What is IR35? (Off-Payroll Working)

Friday April 2, 2021 at 2:35pm

What is IR35 and How Does it Affect Contractors?

IR35 is a common name for HMRC’s off-payroll working rules. Essentially the rules exist to target ‘disguised employment’, which is where a contractor is functioning as an employee in all but name. The off-payroll working rules can apply if a contractor provides their services through an intermediary, typically their own ‘personal service company’, and are paying less tax because of it.

What is IR35?

The goal of IR35 is to ensure that intermediary workers that are functioning as employees, pay a similar amount of tax and National Insurance contributions as a regular employee would.

Why is IR35 Relevant Now?

As it currently stands if you are working as a contractor, through your own personal service company, for a public-sector company then they are responsible for deciding your employment status and therefore whether the IR35 rules apply to you. If you are contracting for a private-sector company then you (the personal service company) determine whether the rules apply.

However, from April 6th additional rules will come into place surrounding IR35 and one of the major changes is that most private-sector companies will become responsible for determining if a contract falls inside IR35. If you disagree with the decision then you should make sure you are prepared to dispute it, otherwise you will have to pay significantly more tax.

What factors determine IR35 Status?

This is a complex topic as the laws have been built over years of employment case law, but there are some common factors that are used to determine IR35 Status. The major factors are listed below, if you think you may be affected it is worth considering each of these.

  1. Control – Does the client have the right to determine your working hours, location, how you carry out your work and whether you can take on alternative work? If yes, then this indicates that the you are functioning as an employee rather than as a contractor.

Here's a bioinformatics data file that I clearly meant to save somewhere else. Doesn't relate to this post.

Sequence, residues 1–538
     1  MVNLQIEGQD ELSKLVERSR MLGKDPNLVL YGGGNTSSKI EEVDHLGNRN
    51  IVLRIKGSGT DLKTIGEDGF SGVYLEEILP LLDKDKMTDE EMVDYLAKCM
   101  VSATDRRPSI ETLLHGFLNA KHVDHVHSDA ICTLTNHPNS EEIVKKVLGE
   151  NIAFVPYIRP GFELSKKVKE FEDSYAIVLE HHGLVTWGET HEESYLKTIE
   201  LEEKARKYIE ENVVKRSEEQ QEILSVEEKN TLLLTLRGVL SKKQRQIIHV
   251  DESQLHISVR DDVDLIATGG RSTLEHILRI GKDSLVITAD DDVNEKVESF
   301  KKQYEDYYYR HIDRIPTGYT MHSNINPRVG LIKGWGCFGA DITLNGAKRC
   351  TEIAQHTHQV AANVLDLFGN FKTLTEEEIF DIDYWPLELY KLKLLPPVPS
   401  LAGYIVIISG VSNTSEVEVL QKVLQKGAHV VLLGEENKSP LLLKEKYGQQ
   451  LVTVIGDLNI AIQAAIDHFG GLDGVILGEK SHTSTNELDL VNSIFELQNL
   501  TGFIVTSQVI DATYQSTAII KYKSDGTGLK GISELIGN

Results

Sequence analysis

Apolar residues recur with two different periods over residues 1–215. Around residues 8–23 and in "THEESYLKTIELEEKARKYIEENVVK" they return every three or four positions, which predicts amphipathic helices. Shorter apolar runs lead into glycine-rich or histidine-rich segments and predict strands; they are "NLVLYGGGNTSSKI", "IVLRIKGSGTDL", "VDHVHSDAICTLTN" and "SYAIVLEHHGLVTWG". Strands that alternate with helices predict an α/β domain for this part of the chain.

2. Personal Service / Substitution – If the client insists that you complete the work yourself and you are not able to send someone else in your place, then you have no right of substitution. This will likely mean your contract lies within IR35 and the off-payroll working rules will apply.
  3. Mutual Obligation – If you expect your client to provide you with additional work after a contract and you are expected to accept it, then you are mutually obligated. Additionally if a contract states that you must work a certain number of hours a week and the required work isn’t specified upfront then the contract will likely fall inside IR35.
  4. To avoid this, a contractor should take on work in the form of projects and only commit to work until their projects are complete.
  5. Equipment – For the most part, a contractor should use their own equipment where possible as this shows independence from their client, though there is no issue if they are required to use a client’s equipment for safety or security reasons. For contractors that primarily use CAD software then in most cases they should own a license rather than rely on using a client’s license.
  6. "For contractors that primarily use CAD software then in most cases they should own a license rather than rely on using a client’s license."

  7. Part and Parcel – Another consideration is how integrated a contractor is within a client’s company. If a contractor appears in organisational lists, has additional responsibilities or are in charge of other staff, then they are functioning like an employee and IR35 will apply.
  8. Employee benefits – Benefits such as pension contributions, sick leave, health plans and holiday allowances are typical for employees rather than contractors and should not feature in any contract that lies outside of IR35.
  9. Financial Risk – Regular, salary-like payments may cause a contract to fail IR35. Contractors should ideally instead invoice after completing key stages in a project. If the client requires regular invoices then they should state the hours worked, the rate charged and the work completed.

What to do next?

The list of factors above is not comprehensive but hopefully it provides an idea of whether or not you may be affected by IR35. If you suspect that you may be affected, then it is worth reviewing any factor that may cause you to be determined to be a ‘disguised employee’ and consider getting legal advice from a qualified expert about your contracts.

If you are deemed to fall into the IR35 status and require your own hardware or 3D CAD licence, there are a number of options available to you. Speak to one of our experts today to discuss your requirements and choose the solution right for you.

More information can be found at https://www.gov.uk/topic/business-tax/ir35

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